Topics: Jenkins Review into Commonwealth Parliamentary Workplaces; Senate conduct; privileges committee; National Cabinet; Omicron variant; Future Fund bill;



Kieran Gilbert: In the studios, the finance minister, Simon Birmingham, thanks so much for your time and big day today. With the Jenkins review released, 28 recommendations, why didn’t you and the government, the prime minister, say you’ll adopt them off the bat, straight off the bat?


Kieran Gilbert: Kieran, it’s a very important review. It’s a landmark review and it’s got to be a driver for change and indeed the roadmap for change in the culture and practises across this parliament. We’ve delivered this review in a very collaborative approach with the Labor Party, minor parties, crossbenchers across the Parliament. I consulted with all of them in choosing the reviewer, in choosing the terms of reference and choosing the timeline for the review, and indeed consulted more broadly with staff and former staff. Crucially, what we now want to do is make sure that in responding to it and seeing all of these recommendations successfully responded to that, we engage in the same spirit of collaboration.


Kieran Gilbert: So it’s not because it’s not because you don’t or it’s not because you have any doubts about the recommendations. It’s more that you want to bring the other parties with you. Is that right?


Simon Birmingham: Our desire is absolutely successfully worked through all of the recommendations and to ensure that action is taken in relation to all of them. But we know that to do that when many of these recommendations aren’t specific to the party of government or to the government itself, they require action across the parliament.


Kieran Gilbert: When will you have that consultation process completed by?


Simon Birmingham: We will start working through them and we’ll see the reforms and recommendations implemented as they are envisaged in the report itself iteratively. Kate Jenkins herself has identified there are some things that might be able to happen prior to an election where other things that will be important to be happening immediately afterwards. Crucially, we haven’t just sat on our hands during the course of this year as well. Whilst Commissioner Jenkins was undertaking the review, we did put in place a new support service for staff, former staff and others, a new training mechanism for employees and a new complaints process that is completely independent and has strong accountability and transparency measures there. And many of Commissioner Jenkin’s recommendations build upon those things that we have already done well.


Kieran Gilbert: Some of the some of the elements, though, goes to culture. And today, a couple of hours after the report’s release, we hear, you know, the allegation of the Senate, your chamber that one of your colleagues growled while Jacqui Lambie was speaking. Did that happen? And if so, what will you do about it?


Simon Birmingham: I didn’t hear it, Kieran. So I can’t say for sure that it did happen, but others suggest that it did. I’ve asked the Senate whether to see if it’s possible to identify if that occurred and if so I’d seek to expect the person, if I did that, to apologise. And to reflect on their behaviour and make sure that they hold themselves to a higher standard in the future. I mean, at the same time in the House of Reps Anthony Albanese’s initiating ‘boofhead’ across the chamber and so on to government ministers-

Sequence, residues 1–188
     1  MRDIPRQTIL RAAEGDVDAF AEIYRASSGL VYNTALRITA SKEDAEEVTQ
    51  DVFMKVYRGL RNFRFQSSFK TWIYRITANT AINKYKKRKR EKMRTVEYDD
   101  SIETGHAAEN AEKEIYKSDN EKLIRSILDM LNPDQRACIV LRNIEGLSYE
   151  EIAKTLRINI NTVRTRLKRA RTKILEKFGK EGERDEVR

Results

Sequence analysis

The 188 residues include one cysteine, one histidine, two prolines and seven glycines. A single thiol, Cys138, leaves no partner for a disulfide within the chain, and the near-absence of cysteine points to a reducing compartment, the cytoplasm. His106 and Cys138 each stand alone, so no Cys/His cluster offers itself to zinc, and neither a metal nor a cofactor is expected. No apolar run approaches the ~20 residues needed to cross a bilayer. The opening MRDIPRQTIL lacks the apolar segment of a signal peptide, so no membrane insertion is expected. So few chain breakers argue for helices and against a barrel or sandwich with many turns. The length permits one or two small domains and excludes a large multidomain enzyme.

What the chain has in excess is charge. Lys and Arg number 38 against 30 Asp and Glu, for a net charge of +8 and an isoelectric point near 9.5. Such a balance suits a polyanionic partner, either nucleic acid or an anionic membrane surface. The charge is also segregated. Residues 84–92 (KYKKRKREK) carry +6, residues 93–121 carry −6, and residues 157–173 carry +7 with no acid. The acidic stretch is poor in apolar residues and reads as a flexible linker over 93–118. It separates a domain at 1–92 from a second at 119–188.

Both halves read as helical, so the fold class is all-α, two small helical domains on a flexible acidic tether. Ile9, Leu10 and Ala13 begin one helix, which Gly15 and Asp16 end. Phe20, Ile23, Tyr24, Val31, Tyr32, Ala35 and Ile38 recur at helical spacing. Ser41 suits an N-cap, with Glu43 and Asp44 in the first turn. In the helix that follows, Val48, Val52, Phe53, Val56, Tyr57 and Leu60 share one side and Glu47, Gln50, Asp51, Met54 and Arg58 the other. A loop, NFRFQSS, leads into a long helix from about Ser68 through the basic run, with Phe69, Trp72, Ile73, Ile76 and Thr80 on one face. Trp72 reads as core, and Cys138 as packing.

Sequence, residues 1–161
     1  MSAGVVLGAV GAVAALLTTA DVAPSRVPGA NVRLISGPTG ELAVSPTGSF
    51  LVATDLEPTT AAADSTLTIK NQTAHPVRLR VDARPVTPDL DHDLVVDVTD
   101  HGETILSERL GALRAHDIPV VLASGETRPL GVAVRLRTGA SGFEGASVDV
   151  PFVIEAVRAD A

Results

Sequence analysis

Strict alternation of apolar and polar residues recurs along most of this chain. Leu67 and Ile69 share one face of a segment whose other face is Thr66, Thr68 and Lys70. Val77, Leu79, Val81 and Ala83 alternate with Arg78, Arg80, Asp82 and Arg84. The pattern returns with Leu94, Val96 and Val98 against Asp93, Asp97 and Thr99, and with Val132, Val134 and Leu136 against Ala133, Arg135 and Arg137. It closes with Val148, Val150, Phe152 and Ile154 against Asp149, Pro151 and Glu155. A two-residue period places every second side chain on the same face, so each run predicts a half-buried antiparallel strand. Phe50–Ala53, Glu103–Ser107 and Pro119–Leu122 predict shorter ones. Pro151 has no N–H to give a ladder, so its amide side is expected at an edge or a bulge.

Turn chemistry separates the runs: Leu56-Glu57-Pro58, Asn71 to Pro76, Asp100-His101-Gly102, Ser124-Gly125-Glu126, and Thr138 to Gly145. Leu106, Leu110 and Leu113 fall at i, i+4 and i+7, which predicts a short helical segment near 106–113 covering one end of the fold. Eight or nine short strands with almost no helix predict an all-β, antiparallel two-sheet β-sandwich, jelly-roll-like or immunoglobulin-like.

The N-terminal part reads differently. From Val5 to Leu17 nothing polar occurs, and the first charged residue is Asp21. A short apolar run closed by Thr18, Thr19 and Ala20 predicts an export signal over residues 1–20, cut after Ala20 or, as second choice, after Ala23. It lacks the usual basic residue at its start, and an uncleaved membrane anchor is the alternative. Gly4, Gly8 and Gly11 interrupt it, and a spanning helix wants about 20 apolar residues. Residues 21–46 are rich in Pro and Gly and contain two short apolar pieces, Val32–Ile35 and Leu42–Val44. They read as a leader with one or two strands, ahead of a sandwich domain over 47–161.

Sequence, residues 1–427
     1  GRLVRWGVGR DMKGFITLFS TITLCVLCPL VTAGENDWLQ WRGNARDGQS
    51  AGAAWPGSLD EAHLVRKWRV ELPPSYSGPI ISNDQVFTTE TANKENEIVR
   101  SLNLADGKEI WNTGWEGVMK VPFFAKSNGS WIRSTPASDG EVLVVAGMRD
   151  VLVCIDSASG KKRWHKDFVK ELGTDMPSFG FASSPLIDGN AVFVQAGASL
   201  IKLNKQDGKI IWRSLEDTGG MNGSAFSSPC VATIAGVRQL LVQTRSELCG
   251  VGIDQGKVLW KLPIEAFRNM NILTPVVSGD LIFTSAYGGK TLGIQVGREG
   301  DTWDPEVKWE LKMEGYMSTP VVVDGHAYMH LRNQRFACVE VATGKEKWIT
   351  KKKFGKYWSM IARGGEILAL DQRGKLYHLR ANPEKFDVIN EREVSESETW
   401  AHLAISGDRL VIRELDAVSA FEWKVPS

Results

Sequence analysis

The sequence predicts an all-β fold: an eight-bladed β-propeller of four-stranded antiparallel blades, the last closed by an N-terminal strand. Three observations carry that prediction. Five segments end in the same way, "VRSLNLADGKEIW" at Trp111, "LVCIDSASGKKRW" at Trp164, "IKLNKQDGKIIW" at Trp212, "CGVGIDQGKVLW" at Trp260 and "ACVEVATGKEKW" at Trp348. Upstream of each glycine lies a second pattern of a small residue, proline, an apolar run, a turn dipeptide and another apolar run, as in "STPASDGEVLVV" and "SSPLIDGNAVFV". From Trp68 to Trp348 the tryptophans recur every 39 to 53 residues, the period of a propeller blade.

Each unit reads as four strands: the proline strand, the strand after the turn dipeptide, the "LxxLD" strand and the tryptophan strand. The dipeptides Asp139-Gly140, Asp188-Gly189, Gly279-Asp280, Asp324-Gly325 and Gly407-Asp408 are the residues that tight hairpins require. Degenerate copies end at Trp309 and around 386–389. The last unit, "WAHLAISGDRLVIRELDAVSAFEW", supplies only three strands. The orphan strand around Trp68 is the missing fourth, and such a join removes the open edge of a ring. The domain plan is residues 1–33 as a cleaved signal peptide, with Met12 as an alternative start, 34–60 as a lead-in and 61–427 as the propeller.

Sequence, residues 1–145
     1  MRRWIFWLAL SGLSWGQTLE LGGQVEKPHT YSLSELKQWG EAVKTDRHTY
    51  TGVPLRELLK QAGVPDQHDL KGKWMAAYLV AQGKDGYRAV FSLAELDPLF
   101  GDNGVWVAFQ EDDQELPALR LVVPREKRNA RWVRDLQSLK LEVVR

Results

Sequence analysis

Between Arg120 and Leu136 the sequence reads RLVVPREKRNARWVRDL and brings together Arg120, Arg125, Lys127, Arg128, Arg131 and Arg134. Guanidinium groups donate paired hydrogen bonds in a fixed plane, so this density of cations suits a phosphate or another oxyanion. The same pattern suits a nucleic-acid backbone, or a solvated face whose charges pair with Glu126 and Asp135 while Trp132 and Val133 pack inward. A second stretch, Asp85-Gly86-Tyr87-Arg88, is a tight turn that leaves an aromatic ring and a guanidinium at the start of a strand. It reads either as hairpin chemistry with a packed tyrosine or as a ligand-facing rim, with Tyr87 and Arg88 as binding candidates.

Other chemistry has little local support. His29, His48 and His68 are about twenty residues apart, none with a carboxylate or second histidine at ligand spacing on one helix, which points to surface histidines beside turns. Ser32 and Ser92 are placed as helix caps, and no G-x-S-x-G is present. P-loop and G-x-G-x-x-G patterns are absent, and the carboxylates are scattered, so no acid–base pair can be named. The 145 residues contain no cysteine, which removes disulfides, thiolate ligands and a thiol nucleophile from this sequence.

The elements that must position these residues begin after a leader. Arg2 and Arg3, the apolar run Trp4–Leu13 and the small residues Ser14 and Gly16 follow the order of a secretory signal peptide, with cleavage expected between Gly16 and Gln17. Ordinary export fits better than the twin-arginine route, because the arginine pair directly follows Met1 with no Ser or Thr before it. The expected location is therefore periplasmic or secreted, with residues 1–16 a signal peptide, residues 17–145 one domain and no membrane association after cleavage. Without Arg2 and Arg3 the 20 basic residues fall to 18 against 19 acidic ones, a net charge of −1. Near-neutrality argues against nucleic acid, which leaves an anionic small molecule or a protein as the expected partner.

Kieran Gilbert: Prime Minister was also muckraking about Ian MacDonald and Craig Thomson, so it wasn’t one way. It’s pretty ugly question time to be frank.


Simon Birmingham: And I think conduct standards, we all have to make sure that we do our best and we live in a robust parliamentary democracy. And the debate occurs is an important debate but the way you conduct that debate matters.


Kieran Gilbert: Finally, on Omicron this latest variant of COVID, how is that going to damage the economic rebound which we’re seeing? I spoke to a few members of the tourism sector there saying this huge appetite that this uncertainty is another spanner in the works.


Simon Birmingham: The crucial thing for us to avoid is a return to lockdowns, a return to tighter domestic restrictions. They’re the things that will truly damage our economic recovery. We have the national accounts coming out for the quarter most impacted by the lockdowns and restrictions, and they will show the difficulty of that. But we’ve seen since then the strength of the rebound, the growth in jobs through the payroll data that we’re getting. And it’s remarkable to see the Australian economy come back so strongly-


Kieran Gilbert: So you would urge the state to not [inaudible]?


Simon Birmingham: We would absolutely, it’s one of the reasons why we’ve taken cautious, prudent step of pausing the next stage of reopening internationally by two weeks, to make sure we can all have the best available information and evidence. National Cabinet meeting today, will be sharing that health advice and evidence that we have to date with the states and territories and the processes that are underway here and globally to ensure that we can all have the confidence to keep moving forward, including in a couple of weeks’ time, hopefully with that next step into action.


Kieran Gilbert:  Finance Minister Simon Birmingham, thanks for your time.


Simon Birmingham: Thanks Kieran, my pleasure.